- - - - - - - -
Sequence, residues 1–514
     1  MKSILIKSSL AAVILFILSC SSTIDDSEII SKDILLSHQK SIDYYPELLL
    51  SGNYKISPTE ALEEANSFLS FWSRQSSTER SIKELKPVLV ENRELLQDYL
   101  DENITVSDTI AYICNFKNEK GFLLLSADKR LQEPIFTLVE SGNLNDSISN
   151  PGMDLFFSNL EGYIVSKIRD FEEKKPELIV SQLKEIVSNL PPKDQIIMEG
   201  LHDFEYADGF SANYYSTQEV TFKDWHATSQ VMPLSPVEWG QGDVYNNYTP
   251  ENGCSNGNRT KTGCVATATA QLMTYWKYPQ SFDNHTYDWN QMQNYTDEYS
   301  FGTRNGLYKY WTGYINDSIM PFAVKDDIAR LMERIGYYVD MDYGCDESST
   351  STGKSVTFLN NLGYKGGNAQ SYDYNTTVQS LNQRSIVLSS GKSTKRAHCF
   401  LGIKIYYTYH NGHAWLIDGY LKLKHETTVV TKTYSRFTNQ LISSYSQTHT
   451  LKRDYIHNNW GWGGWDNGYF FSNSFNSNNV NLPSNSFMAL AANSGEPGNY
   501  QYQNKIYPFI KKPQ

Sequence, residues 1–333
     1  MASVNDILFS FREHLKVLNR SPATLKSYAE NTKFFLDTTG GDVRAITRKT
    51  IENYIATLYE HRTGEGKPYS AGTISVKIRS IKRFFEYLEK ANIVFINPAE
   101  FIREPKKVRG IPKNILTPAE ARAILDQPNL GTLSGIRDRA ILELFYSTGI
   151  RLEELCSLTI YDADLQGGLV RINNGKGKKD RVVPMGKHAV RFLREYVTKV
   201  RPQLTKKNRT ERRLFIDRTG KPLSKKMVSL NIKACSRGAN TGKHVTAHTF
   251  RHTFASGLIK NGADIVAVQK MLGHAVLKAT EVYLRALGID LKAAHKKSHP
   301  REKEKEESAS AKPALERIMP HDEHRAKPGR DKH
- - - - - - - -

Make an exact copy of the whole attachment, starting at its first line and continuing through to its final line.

Sequence, residues 1–514
     1  MKSILIKSSL AAVILFILSC SSTIDDSEII SKDILLSHQK SIDYYPELLL
    51  SGNYKISPTE ALEEANSFLS FWSRQSSTER SIKELKPVLV ENRELLQDYL
   101  DENITVSDTI AYICNFKNEK GFLLLSADKR LQEPIFTLVE SGNLNDSISN
   151  PGMDLFFSNL EGYIVSKIRD FEEKKPELIV SQLKEIVSNL PPKDQIIMEG
   201  LHDFEYADGF SANYYSTQEV TFKDWHATSQ VMPLSPVEWG QGDVYNNYTP
   251  ENGCSNGNRT KTGCVATATA QLMTYWKYPQ SFDNHTYDWN QMQNYTDEYS
   301  FGTRNGLYKY WTGYINDSIM PFAVKDDIAR LMERIGYYVD MDYGCDESST
   351  STGKSVTFLN NLGYKGGNAQ SYDYNTTVQS LNQRSIVLSS GKSTKRAHCF
   401  LGIKIYYTYH NGHAWLIDGY LKLKHETTVV TKTYSRFTNQ LISSYSQTHT
   451  LKRDYIHNNW GWGGWDNGYF FSNSFNSNNV NLPSNSFMAL AANSGEPGNY
   501  QYQNKIYPFI KKPQ

Sequence, residues 1–333
     1  MASVNDILFS FREHLKVLNR SPATLKSYAE NTKFFLDTTG GDVRAITRKT
    51  IENYIATLYE HRTGEGKPYS AGTISVKIRS IKRFFEYLEK ANIVFINPAE
   101  FIREPKKVRG IPKNILTPAE ARAILDQPNL GTLSGIRDRA ILELFYSTGI
   151  RLEELCSLTI YDADLQGGLV RINNGKGKKD RVVPMGKHAV RFLREYVTKV
   201  RPQLTKKNRT ERRLFIDRTG KPLSKKMVSL NIKACSRGAN TGKHVTAHTF
   251  RHTFASGLIK NGADIVAVQK MLGHAVLKAT EVYLRALGID LKAAHKKSHP
   301  REKEKEESAS AKPALERIMP HDEHRAKPGR DKH